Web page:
Disney and Netflix officials said Friday they're not sure why references to chromosomes and gender were removed from a 21-year-old episode of "Bill Nye the Science Guy," which is available now for online streaming.
"It sounds like it was a business-as-usual kind of clearance issue from ten years ago," a Disney official familiar with the matter told the Washington Examiner.
The official suggested the edit likely occurred about a decade ago when the company first made the kid's television program available online.
The 1996 episode, "Probability," originally featured a cast member saying, "I'm a girl. Could have just as easily been a boy, though, because the probability of becoming a girl is always 1 in 2."
"See, inside each of our cells are these things called chromosomes, and they control whether we become a boy or a girl, " she added. "See, there are only two possibilities: XX, a girl, or XY, a boy."
That segment has since been removed, and it is not available in the version that is now streaming on Netflix, the Washington Free Beacon was first to report.
A a spokeswoman for the online streaming service stressed Friday that they had nothing to do with the edits.
"Netflix did not edit 'Bill Nye The Science Guy,'" Elektra Gray told the Examiner. "It was delivered to us that way by Buena Vista TV."
Buena Vista TV mostly shuttered in 2007. It is now part of the Walt Disney Company's much broader "Disney–ABC Domestic Television" group.
The Disney official told the Examiner they're still investigating the matter, and said they would likely have more information available next week.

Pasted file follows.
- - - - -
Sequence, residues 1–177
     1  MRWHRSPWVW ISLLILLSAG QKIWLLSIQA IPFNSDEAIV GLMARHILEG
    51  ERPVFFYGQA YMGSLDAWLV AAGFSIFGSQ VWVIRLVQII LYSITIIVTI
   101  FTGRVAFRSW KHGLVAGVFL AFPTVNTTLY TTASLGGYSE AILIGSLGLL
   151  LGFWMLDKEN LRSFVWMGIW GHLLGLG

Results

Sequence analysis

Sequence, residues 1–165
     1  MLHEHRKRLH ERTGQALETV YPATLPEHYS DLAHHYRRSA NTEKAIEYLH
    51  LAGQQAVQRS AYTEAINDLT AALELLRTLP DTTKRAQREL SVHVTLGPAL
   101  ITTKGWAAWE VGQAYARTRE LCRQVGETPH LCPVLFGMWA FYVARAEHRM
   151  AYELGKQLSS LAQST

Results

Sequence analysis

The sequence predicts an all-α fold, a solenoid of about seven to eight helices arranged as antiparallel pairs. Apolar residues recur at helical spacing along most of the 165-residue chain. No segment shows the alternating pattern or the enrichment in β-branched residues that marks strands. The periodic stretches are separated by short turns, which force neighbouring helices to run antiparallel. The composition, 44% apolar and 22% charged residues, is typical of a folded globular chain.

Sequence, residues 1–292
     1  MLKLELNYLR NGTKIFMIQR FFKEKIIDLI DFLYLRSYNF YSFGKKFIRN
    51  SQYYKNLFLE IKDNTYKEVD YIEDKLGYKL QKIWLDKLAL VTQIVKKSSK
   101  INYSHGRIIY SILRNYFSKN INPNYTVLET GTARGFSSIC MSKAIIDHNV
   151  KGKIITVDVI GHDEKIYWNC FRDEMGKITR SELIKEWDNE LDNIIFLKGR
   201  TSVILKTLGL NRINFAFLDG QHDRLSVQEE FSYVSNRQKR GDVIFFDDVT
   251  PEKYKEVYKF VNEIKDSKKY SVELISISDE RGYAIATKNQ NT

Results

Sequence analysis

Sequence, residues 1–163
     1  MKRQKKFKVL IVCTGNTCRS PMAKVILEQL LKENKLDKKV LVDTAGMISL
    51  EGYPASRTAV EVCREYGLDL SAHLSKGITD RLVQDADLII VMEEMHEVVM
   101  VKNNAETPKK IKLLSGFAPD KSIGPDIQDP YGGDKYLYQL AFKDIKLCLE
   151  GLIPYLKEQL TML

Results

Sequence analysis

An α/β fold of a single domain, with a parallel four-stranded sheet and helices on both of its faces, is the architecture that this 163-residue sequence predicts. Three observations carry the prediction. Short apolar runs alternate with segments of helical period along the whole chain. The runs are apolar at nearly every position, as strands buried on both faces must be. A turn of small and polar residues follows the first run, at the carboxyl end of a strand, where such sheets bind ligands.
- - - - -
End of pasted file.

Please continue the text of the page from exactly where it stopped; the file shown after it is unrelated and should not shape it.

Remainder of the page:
Nye's new program, "Bill Nye Saves the World," which is exclusive to Netflix, departs from his old television show's position on gender.
"Gender is like sex, it's on the spectrum," Nye said in one of his newer episodes.
News that Nye's old television program has been edited for Netflix comes on the heels of the premiere of his new online show, which takes a very progressive approach to a number of issues, including climate change, world population and gender.
For some critics, the new Netflix show has been an unpleasant departure from Nye's old children's program, which focused exclusively on traditional and non-controversial science theories.
"Our genes are stories in parts of our cells called chromosomes," he said episode three of season five of his old program. "Chromosomes contain all of the genetic information; all the instructions you need to make a person. Now humans have 23 pairs of chromosomes for a total of 46. It's like the instructions are stored in 46 books and the books are divided into chapters, and each chapter is like a gene."
He added, "Now humans have about 8,000 genes. It's like we have 80,000 chapters in 46 books. Now if you're a cell in a body, you don't need to read every chapter. If you're a nose cell, you just read the chapter about noses. If you're a hand cell, you just read the chapter about hands. If you're an eye cell, you just read the chapter about eyes. See, in a way, they're all different names for different parts of the same thing: Chromosome, genes, pieces of DNA, books chapters, letters. It's pretty good reading."
In contrast, viewers today are now treated to Nye's theories on gender fluidity and whether there ought to be a cap on the number of children that couples in developed countries should be allowed to have.